How should you be Squatting?
By: Bret Lusis, CPT Show Up Fitness Santa Monica
Let me introduce you to some 90's basketball players: Manute Bol and Muggsy Bogues.
Manute is one of the tallest to play the game- 7'7, while Muggsy is 5'3, do you think these two should Squat the same way? HELL NO. Bodies are different, and in this article, I'm going to explain why people should change up their Squat.
In certain lifting communities, people are told to line up their feet a specific way (NSCA say's 10-15 degrees of external rotation), while others say parallel. What about the jacked dude with the biggest quads who says you need to squat like him? Which one is it?. In today's world with social media, if someone has success, or a ton of followers, people naturally try to re-implement that pattern to emulate what they've done. It must be that simple to do what Mr. & Ms. Tool / Toolette with 1.5 million followers says to do, right? Wrong!!!! For the most part, bodies are built differently. In this article, I will discuss three topics that should ultimately decide how your stance is going to be under the bar: Anatomy, Mobility, and Stability.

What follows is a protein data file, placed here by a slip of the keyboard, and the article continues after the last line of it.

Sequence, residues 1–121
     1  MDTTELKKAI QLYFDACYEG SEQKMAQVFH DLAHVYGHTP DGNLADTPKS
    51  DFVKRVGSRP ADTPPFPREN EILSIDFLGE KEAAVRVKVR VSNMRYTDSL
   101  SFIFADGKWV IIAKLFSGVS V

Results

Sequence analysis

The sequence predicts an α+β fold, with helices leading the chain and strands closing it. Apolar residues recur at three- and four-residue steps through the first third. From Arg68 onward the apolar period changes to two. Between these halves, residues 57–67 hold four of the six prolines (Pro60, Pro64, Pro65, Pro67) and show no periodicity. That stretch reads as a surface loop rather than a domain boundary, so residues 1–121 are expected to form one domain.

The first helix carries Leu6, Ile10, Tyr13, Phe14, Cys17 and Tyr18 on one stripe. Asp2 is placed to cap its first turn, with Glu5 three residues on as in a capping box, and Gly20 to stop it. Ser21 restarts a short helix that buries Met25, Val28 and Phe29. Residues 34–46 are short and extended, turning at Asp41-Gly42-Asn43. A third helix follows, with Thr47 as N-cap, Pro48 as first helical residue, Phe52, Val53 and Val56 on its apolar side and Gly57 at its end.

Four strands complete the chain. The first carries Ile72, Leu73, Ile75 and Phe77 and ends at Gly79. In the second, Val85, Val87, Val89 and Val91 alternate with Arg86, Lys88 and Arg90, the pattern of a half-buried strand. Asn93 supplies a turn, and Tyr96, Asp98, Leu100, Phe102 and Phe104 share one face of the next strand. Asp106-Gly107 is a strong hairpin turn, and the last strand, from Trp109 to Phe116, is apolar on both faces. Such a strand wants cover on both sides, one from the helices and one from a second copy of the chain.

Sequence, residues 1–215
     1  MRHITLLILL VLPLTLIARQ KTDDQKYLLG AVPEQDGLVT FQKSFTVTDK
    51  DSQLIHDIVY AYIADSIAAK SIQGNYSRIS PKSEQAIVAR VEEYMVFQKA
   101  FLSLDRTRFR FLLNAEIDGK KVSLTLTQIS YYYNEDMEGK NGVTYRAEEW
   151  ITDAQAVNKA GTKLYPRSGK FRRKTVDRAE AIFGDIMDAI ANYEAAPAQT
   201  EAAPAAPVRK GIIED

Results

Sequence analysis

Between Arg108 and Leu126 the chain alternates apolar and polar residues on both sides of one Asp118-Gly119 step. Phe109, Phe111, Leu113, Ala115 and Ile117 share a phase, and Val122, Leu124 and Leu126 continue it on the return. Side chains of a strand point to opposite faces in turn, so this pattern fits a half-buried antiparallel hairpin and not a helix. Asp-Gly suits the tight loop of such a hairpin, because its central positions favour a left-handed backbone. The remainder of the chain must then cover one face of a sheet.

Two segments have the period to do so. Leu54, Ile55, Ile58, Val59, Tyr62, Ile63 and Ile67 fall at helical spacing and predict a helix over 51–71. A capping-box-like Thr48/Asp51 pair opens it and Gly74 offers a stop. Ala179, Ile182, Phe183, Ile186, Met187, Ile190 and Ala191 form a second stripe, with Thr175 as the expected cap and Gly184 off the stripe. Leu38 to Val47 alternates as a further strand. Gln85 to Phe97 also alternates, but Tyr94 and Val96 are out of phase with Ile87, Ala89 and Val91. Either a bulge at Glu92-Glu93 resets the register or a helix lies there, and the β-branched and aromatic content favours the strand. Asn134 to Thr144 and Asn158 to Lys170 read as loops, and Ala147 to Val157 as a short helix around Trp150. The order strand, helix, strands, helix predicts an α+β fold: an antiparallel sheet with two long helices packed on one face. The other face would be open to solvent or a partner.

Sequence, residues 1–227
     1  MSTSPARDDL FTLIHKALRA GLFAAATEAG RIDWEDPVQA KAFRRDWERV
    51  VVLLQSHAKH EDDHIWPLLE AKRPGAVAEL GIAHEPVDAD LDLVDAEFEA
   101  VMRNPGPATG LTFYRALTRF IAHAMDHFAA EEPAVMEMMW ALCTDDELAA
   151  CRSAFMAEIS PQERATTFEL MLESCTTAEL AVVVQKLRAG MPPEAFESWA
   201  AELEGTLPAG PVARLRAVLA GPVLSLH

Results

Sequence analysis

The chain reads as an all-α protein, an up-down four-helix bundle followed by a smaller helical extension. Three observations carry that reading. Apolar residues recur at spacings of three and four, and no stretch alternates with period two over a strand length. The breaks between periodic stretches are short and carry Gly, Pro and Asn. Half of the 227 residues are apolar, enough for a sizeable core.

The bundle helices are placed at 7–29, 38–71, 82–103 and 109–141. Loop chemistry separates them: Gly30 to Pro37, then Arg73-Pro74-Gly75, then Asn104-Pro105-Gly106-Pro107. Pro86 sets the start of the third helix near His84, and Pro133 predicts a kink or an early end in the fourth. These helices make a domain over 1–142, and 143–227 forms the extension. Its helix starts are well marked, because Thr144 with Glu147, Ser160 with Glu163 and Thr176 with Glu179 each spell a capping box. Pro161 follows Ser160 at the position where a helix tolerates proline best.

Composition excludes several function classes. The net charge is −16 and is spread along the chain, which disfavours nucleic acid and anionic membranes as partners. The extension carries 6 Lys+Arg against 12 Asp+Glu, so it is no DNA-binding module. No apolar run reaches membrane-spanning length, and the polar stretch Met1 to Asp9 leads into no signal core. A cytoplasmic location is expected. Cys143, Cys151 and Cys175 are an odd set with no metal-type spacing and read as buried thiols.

1. Anatomy is the structure of the body and the relationships to its proximal and distal joints. My femur may be longer than yours, or maybe your torso is longer than mine- we're all different. Maybe your femoral head inserts into your acetabulum posteriorly to anteriorly, while the person to your left may have an articulation that is at 90 degrees. Take a look at the following femurs, do they look the same? What do you think will happen if they are instructed to squat the same way? The important thing to understand is bodies are different. If my bone structure is built differently than yours, odds are we're going to move differently. One variable is the depth of the hip sockets (acetabulum depth varies from person-to-person.) This will determine the maximal depth before you “butt wink” and the width at which your feet are externally rotated.
As you can see, these two Pelvis's are different in width and height...
And these two femur's articulate at different angles. One is closer to a 90 degree articulation, while the other is closer to 45 degrees.
2. Mobility is the ability of a joint to go through it's optimal range of motion (ROM.) This varies from person-to-person, gender, age, and prior injuries. My mobility has never been great. I remember when I first started squatting it felt so awkward. My heels would come off the ground, my back rounded, and I damn near fell over! Unlike anatomy, mobility can potentially improve by practicing and establishing the proper motor behavior. If I would've continued to squat with those faulty patterns, I would have created poor motor behaviors. Instead, I worked on a stance and pattern that allowed me to program proper mechanics. Never compensate weight for form, this will lead to bad behaviors, and potentially an injury.